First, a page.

Propinquity, Part Two

One of the best things about going to strange houses is coming upon their accompanying books. It's happened to us all, I am sure: you're in a house, there's a bookshelf, and there you find…The Butterfly Kid. Or Spa Sleuths. Or…anything you would never have read otherwise except you're there, and it's there, and somehow something happens between you.

We had a fairly glorious weekend with many cousins, much running around and pumpkins and cider donuts, and to top it all off, the most wonderful collection of books. There was an entire wall of mysteries in the parlor, and an amazing array of kids books in the room with the bunk beds.

Here is what I found on one bizarre evening:

Ten-year-old cousin reading The Time of Mark Twain, an ancient copy of a book I can't even seem to find anywhere. Engrossed.

Diana discovered her own true love, which we will have to talk more about later. Suffice it to say, LOVE:

51M9GSA5J0L._SS500_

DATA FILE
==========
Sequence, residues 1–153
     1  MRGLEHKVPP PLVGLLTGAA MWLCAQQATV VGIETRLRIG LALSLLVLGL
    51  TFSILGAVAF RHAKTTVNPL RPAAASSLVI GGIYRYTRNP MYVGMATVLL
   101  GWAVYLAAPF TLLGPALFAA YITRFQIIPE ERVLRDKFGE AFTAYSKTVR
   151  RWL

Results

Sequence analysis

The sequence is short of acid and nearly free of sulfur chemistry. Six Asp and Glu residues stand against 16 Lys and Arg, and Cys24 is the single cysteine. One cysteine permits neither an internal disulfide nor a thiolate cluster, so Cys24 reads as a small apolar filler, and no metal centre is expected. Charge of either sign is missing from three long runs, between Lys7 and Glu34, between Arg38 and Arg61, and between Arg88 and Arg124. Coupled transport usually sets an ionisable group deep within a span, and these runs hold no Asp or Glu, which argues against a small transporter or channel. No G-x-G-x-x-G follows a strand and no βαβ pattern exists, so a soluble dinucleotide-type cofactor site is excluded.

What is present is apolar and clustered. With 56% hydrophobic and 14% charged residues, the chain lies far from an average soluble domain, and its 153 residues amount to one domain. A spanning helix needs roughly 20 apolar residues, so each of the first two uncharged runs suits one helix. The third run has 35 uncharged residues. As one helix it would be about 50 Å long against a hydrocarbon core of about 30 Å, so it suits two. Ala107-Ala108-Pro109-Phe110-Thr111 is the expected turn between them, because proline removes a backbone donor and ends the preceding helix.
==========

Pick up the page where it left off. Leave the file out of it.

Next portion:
And Chestnut? Lover of stories of girls in pinafores striving bravely to do the right thing? Of historical fiction, of orphans and dolls and fairies? Um, this:

Hockeybook

This is one of the most excellent things about books: they let you become someone else entirely, even if only for an evening on your way to sleep.

She really liked it. And just like that, everyone's worlds got a little bit bigger.

4 thoughts on “Propinquity, Part Two

  1. Eagerly looking forward to hearing more about Anguished English. I’m also hoping I can find my own copy before the kids are off to college.

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  2. How great. The hockey book cracked me up, but I’ve been desperate and read many books when they were the only thing at hand. (Same is true for shampoo bottles in the shower and cereal boxes at breakfast. And I’ve taken discarded newspapers off the top of garbage pails in the subway.) Good for the kids for needing to read!

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  3. Apparently, there is a copy of Anguished English in my son’s 8th grade classroom and it is frequently pulled out by various students and enjoyed by all.

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